## Chapter 51: Interference Phenomena (Max von Laue 1879 – 1960, Walter Friedrich 1883 – 1968, Paul Knipping 1883 – 1935)

After X-rays had been discovered by Roentgen in 1895, a considerable controversy arose as to their nature. They were unresponsive to electromagnetic forces. But X-rays were scattered from small particles in suspension the way light is scattered in a dusty medium. This and other observations convinced Max von Laue that X-Rays were electromagnetic waves. But X-rays could not be refracted or diffracted the way visible light is because of much shorter wavelength. Laue introduced a very ingenious idea: to use the regular array of atoms in the lattice structure of a crystal as the grating. Laue worked out the theory of this type of diffraction. He received the Nobel Prize for this work in 1914.

## Chapter 52: Bragg’s Law (William Henry Bragg 1862 – 1942, William Lawrence Bragg 1890 – 1971)

W. L. Bragg examined the results of X-ray diffraction from Laue’s experiments done in 1812. He proceeded to show that the Laue pattern could be analyzed in a much simpler way. Bragg adopted the view that the incident X-rays consisted of a continuous spectrum extending over a wide range of wavelengths. He supposed that the atoms of the exposed crystal act as a diffraction center and radiate secondary waves, as if they are reflected from a plane made of a number of atoms. The intensity increased with the density of atoms in that plane. The research by the Braggs showed that the X-ray emission spectrum of an element is characteristic of that element, and that X-rays can be used as a powerful and precise means of crystal analysis. The 1915 Nobel Prize was awarded to the Braggs for their contribution to crystal analysis.

## Chapter 53: Atomic Number (Antonius Van der Broek 1870 – 1926)

Antonius Van den Broek was the first to suggest that the number of charges in an element’s atomic nucleus is exactly equal to the element’s place on Mendeleev’s periodic table. The number of the place of an element in the periodic table at that time was not thought by most physicists to be a physical property. Simultaneous development of α-particle scattering theory and the X-ray scattering measurements suggested that the number of electrons per atom is equal to half the atomic weight of the atom. It was not until the work of Henry Moseley working with the Bohr model of the atom with the explicit idea of testing Van den Broek’s theory, that it was realized that atomic number was indeed a purely physical property (the charge of the nucleus) which could be measured, and that Van den Broek’s original guess had been correct. Henry Moseley, in his paper on atomic number and X-ray emission, mentions only the models of Rutherford and Van den Broek.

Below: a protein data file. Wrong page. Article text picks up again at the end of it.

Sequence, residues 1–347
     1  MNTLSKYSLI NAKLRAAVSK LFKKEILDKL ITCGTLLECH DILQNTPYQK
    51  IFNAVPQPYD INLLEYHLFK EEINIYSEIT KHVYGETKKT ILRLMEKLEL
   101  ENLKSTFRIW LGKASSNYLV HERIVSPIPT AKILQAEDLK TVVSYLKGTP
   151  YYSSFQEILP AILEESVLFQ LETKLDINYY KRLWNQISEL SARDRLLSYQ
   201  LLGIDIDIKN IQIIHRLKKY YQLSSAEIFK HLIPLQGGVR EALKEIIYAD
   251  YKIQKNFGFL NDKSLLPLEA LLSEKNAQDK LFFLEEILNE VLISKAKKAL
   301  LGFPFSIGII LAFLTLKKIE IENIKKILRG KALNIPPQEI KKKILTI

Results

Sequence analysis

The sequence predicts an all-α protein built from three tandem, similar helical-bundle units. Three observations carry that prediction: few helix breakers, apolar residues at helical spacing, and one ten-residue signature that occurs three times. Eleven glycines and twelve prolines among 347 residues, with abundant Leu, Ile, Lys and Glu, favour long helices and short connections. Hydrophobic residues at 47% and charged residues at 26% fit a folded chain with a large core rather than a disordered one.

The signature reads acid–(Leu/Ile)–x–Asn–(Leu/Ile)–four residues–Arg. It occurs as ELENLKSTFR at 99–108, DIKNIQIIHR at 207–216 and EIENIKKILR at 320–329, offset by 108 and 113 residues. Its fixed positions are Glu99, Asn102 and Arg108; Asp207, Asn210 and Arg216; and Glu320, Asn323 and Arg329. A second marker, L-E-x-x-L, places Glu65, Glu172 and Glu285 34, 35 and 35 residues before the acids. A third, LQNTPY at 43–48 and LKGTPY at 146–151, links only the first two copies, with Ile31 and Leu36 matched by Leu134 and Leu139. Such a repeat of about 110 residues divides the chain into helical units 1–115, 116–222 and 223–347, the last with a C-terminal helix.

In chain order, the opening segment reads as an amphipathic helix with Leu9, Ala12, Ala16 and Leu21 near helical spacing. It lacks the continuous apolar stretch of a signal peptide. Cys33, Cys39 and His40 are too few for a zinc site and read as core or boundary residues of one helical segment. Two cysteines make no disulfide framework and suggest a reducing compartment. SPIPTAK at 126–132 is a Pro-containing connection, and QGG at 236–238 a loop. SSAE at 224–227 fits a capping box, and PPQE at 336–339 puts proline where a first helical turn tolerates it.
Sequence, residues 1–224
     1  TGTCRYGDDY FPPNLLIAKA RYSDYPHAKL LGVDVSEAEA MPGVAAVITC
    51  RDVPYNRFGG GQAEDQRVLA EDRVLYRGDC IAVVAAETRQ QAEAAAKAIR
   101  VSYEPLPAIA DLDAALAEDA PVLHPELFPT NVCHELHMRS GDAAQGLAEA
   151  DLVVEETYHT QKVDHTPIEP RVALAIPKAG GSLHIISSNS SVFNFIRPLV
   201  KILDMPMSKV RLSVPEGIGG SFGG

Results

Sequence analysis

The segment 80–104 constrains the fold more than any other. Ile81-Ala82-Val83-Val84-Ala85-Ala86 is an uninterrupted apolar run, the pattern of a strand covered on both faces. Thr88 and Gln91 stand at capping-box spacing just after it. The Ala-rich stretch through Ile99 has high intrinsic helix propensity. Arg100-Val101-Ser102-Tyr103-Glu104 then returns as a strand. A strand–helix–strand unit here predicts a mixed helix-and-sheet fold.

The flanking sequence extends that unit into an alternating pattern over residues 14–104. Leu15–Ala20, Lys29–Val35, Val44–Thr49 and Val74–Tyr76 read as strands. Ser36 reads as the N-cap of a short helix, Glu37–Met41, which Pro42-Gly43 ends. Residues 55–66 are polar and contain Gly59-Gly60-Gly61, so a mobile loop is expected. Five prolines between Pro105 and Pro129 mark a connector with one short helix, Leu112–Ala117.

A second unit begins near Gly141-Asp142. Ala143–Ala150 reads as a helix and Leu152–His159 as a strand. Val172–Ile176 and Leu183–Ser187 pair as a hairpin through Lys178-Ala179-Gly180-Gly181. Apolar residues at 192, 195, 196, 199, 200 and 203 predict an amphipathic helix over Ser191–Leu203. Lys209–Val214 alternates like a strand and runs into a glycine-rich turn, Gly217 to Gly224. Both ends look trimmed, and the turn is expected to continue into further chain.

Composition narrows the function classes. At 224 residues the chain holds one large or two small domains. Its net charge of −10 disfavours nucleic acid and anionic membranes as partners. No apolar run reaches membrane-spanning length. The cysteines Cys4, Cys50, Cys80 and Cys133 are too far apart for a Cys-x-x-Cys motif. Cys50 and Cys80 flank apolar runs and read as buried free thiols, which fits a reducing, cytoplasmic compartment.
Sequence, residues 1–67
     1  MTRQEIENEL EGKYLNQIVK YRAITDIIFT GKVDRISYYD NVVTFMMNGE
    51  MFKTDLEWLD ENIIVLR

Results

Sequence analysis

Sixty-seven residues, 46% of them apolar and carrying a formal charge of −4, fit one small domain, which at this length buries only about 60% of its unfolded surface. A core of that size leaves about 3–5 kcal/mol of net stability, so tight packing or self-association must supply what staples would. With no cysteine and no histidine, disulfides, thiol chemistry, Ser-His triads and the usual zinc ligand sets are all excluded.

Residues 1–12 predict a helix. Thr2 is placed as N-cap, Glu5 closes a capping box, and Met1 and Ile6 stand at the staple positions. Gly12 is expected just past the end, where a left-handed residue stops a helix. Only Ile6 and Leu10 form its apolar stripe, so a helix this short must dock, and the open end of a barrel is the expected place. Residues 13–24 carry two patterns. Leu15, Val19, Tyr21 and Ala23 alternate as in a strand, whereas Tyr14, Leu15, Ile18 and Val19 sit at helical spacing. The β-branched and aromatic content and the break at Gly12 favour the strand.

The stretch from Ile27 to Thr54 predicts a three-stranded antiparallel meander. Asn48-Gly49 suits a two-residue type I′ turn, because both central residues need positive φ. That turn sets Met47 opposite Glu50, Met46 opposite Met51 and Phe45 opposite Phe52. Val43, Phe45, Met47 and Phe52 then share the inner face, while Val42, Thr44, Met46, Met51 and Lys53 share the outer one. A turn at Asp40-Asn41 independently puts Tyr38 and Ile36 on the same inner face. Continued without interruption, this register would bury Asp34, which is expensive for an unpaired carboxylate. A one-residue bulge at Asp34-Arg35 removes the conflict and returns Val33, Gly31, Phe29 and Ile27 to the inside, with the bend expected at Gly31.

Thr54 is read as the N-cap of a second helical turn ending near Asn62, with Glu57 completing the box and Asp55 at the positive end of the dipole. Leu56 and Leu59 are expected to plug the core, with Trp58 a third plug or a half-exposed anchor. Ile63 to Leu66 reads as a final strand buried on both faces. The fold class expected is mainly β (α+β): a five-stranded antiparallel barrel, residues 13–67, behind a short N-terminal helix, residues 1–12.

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MAIN POINTS

1. X-rays are not deflected by electrical or magnetic fields.
2. X-rays are scattered from small particles in suspension the way light is scattered in a dusty medium.
3. X-rays can excite atoms in a body to emit fluorescence radiation
4. They are electromagnetic waves with much shorter wavelength.
5. Ingenious idea of using the atoms forming the lattice structure of a crystal as a diffraction grating.
6. Incident X-rays consist of a continuous spectrum extending over a wide range of wavelengths.
7. X-ray emission spectrum of an element is characteristic of that element.
8. X-rays can be used as a powerful and precise means of crystal analysis.
9. X-ray scattering measurements suggested that the number of electrons per atom is equal to half the atomic weight of the atom.
10. To each possible intra-atomic charge corresponds a possible element.
11. Mass deficit was accounted by protons neutralized by electrons in the nucleus.

THEORY
The number of charges in an element’s atomic nucleus is exactly equal to the element’s place on Mendeleev’s periodic table.

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